"The problem is not hitting North Korea, its what happens next," said Cirincione. ”You strike North Korea, they are going to strike back and they have a devastating conventional arsenal built up on the border that could lay waste to Seoul," he said. "Estimates are that hundreds of thousands of South Koreans would die in the first few hours of combat -- from artillery, from rockets, from short range missiles -- and if this war would escalate to the nuclear level, then you are looking at tens of millions of casualties and the destruction of the eleventh largest economy in the world."
Could President Trump carry out a nuclear strike on North Korea if he wanted to? According to recent assessment by the Congressional Research Service, president “does not need the concurrence of either his military advisors or the U.S. Congress to order the launch of nuclear weapons.” And “neither the military nor Congress can overrule these orders.”
Not much is likely going to stop the president, explain the experts. The system is set up this way to allow for necessary quick action from the White House in case of an attack on the U.S. and to maintain civilian control over the military. If all the president's military commanders advised against a nuclear attack, they could resign, thus conceivably prompting impeachments proceedings. But even that might not be quick enough to prevent the president from launching an attack, said Steven F. Hayward, a conservative policy scholar, to Washington Post.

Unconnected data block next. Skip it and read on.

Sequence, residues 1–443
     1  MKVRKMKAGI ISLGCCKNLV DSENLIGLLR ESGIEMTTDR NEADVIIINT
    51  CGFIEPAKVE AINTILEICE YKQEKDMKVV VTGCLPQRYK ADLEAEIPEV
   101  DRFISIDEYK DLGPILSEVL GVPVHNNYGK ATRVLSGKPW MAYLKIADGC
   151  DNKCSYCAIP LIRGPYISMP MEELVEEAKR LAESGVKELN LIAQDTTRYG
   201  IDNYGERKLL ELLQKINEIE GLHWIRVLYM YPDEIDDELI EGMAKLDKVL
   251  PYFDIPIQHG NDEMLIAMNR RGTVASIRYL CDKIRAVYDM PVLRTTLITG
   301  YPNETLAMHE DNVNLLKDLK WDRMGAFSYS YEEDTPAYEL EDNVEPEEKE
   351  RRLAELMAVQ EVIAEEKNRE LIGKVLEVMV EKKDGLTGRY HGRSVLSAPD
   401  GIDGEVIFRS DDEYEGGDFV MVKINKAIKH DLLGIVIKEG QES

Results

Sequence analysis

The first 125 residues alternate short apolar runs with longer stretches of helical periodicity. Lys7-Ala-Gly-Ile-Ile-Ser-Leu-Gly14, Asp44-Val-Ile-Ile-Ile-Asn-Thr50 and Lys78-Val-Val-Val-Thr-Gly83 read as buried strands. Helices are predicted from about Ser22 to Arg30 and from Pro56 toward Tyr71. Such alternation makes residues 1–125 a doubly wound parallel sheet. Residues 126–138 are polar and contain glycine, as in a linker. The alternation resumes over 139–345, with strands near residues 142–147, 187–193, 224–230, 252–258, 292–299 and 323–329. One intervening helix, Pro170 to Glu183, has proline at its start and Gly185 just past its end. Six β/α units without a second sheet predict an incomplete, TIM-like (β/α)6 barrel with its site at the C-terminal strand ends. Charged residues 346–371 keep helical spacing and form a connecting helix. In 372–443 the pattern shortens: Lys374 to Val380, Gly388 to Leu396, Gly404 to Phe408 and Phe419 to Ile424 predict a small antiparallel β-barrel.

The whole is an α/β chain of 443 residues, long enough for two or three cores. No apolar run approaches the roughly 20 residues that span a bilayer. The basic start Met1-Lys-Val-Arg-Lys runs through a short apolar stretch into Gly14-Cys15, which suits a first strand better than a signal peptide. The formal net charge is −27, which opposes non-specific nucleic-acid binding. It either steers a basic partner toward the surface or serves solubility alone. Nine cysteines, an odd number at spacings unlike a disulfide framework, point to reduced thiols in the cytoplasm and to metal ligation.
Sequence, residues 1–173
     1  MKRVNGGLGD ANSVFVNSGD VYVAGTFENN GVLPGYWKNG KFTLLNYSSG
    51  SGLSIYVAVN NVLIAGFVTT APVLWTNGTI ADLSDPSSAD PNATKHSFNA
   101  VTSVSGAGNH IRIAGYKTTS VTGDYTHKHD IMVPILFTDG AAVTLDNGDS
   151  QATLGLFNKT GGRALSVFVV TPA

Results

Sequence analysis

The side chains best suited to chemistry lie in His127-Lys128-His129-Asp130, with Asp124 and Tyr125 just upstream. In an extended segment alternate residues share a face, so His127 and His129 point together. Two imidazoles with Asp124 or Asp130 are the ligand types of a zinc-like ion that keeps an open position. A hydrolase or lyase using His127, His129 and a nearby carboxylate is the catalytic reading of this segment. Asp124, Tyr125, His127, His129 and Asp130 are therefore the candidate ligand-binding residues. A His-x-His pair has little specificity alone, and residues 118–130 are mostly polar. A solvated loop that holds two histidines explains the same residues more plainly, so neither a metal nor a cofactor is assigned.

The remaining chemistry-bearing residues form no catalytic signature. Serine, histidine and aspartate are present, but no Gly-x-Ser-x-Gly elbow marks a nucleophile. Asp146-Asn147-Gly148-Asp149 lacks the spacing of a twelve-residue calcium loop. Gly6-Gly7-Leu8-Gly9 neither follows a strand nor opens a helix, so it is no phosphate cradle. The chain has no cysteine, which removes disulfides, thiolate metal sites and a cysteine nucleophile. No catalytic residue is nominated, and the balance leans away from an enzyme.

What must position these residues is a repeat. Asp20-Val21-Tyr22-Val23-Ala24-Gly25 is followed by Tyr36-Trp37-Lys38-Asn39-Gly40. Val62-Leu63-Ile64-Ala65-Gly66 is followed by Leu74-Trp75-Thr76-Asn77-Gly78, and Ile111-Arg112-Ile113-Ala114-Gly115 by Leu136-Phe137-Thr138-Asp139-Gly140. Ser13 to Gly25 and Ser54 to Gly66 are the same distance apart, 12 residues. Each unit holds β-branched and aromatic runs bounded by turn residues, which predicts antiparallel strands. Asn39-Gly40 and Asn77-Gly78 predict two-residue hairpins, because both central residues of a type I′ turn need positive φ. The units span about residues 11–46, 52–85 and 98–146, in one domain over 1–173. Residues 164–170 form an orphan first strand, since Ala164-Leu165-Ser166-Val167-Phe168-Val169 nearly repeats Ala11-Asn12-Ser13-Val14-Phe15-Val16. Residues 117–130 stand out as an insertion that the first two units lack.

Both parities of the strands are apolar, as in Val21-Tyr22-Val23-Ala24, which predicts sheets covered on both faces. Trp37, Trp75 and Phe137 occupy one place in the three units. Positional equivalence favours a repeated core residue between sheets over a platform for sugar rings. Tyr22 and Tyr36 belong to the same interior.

In the complex reality of the current situation and brewing military conflict, the U.S. must weigh its decidedly horrific options against the possible devastation once North Korea can hit the U.S. mainland with its nuclear missiles. A diplomatic solution is the only possibility that can avoid devastating bloodshed.
U.S. Secretary of Defense Jim Mattis (L) participates in an enhanced honor cordon to welcome Vietnamese Minister of National defense General Ngo Xuan Lich (2nd L) at the Pentagon August 8, 2017 in Arlington, Virginia. (Photo by Alex Wong/Getty Images)
To reiterate that point, Defense Secretary Jim Mattis recently told Congress that ”it would be a very, very serious war.” This sentiment was echoed by the Joint Chiefs Chairman Gen. Joseph Dunford.
"I don't have any doubt in my mind, if we go to war with North Korea, that we will win the war," said Dunford in the same testimony to Congress, warning that "we will see casualties unlike anything we've seen in 60 or 70 years."
Who would really win in a war between the United States and North Korea? You guessed it - no one.
People watch a news report on North Korea's first hydrogen bomb test at a railroad station in Seoul on January 6, 2016. (Photo credit: JUNG YEON-JE/AFP/Getty Images)